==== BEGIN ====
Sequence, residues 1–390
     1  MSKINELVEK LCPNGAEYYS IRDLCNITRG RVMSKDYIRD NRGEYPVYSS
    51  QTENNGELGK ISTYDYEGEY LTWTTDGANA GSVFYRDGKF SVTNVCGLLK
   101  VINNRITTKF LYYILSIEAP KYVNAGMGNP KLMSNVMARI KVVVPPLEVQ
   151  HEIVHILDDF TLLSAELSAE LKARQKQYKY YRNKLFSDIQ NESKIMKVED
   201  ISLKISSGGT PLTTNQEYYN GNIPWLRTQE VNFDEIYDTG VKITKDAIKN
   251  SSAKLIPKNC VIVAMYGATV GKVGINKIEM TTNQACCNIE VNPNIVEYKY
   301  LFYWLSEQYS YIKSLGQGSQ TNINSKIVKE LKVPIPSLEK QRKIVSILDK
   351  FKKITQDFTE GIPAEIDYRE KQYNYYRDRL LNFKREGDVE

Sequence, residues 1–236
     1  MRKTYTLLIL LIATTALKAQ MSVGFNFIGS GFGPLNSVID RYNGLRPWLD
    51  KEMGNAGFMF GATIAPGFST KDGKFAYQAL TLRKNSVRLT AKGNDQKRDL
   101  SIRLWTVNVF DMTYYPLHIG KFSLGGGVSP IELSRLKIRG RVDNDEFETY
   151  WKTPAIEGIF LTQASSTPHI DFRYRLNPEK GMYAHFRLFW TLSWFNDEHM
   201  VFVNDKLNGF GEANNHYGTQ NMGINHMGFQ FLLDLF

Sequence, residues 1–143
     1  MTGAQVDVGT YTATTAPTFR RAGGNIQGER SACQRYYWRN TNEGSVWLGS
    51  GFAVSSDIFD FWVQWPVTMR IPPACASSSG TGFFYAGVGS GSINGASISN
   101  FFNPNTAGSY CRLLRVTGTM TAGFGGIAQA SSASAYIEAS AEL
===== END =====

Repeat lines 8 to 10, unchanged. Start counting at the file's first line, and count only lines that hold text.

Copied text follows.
   301  LFYWLSEQYS YIKSLGQGSQ TNINSKIVKE LKVPIPSLEK QRKIVSILDK
   351  FKKITQDFTE GIPAEIDYRE KQYNYYRDRL LNFKREGDVE

Sequence, residues 1–236